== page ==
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Old 04-16-2019, 10:52 AM
 
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I am reading a book published, believe it or not, in Haitian Creole. While most words are clearly French derived, a few are not, like kounyeya ("now") and grangou ("hunger" or "hungry").

Are there many/any words in Caribbean popular speech that come from African languages?

I know in Jamaica, they use duppy for ghost, but I'm not sure if that's African. But the Jamaican word nyam, which means "to eat", does come from Twi/Akan, a language spoken in Ghana. I bet the Surinamese Maroon language, Saramaccan, has a lot of African words, but what about other speech communities in the Caribbean?

Last edited by Schwartzmann; 04-16-2019 at 11:58 AM..
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Old 04-16-2019, 11:16 AM
 
Location: Pereira, Colombia
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The word gumbo in Louisiana, which has come to represent an entire stew, originally comes from Africa and simply means "okra". When I was living in Puerto Rico whenever I came across okra it was labeled as quimbombó, which sounded African as hell to me.
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Old 04-16-2019, 04:02 PM
 
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Quote:
Originally Posted by aab7855 View Post
The word gumbo in Louisiana, which has come to represent an entire stew, originally comes from Africa and simply means "okra". When I was living in Puerto Rico whenever I came across okra it was labeled as quimbombó, which sounded African as hell to me.
Gumbo comes from ngombo in Umbundu or kingumbo in Tshiluba. Both related Bantu languages from the Congo-Angola region.

I saw articles about Africanism on creole languages on Wikipedia:

List of Jamaican patois words of African origin

Haitian creole words of African origins
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Old 04-16-2019, 06:56 PM
 
Location: Pereira, Colombia
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Quote:
Originally Posted by Smash XY View Post
Gumbo comes from ngombo in Umbundu or kingumbo in Tshiluba. Both related Bantu languages from the Congo-Angola region.

I saw articles about Africanism on creole languages on Wikipedia:

List of Jamaican patois words of African origin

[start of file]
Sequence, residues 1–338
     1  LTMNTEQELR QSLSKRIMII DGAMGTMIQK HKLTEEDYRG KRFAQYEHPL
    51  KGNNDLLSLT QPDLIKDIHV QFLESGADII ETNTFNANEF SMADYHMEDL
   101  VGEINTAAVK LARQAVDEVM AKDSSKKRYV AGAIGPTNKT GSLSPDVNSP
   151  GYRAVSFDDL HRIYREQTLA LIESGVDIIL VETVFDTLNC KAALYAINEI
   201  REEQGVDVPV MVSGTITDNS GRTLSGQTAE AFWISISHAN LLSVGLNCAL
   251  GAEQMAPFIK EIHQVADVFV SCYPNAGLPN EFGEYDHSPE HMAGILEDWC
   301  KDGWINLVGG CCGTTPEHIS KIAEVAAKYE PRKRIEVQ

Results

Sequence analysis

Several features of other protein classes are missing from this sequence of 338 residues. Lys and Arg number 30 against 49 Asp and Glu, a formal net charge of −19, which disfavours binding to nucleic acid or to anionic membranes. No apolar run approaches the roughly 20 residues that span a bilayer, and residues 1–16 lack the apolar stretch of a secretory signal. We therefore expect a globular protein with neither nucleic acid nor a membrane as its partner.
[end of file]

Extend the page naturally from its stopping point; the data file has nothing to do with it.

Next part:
Haitian creole words of African origins
Thank you! I didn´t know where exactly on the continent it came from.
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Old 04-18-2019, 12:21 PM
 
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Quote:
Originally Posted by aab7855 View Post
The word gumbo in Louisiana, which has come to represent an entire stew, originally comes from Africa and simply means "okra". When I was living in Puerto Rico whenever I came across okra it was labeled as quimbombó, which sounded African as hell to me.
Quimbombó sounds "hella" African.

I read that slaves from Africa hid okra seeds on their persons when they were handed over to the slavers and put on slave ships to the Americas... and, once settled, grew okra from these seeds on their own plots (some slaves in some colonies had their own small gardens).
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Old 04-18-2019, 10:00 PM
 
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Quote:
Originally Posted by Smash XY View Post
Gumbo comes from ngombo in Umbundu or kingumbo in Tshiluba. Both related Bantu languages from the Congo-Angola region.

I saw articles about Africanism on creole languages on Wikipedia:

List of Jamaican patois words of African origin

Haitian creole words of African origins
Thanks for the link to the Africanisms in Jamaican... there are surprisingly few African words for such a "black" language. The African influence is more in grammar and phonetics, it seems.

Here's a snippet from the New Testament in Jamaican (about when Joseph decides to put away Mary secretly because she was found with child and an angel appears to him):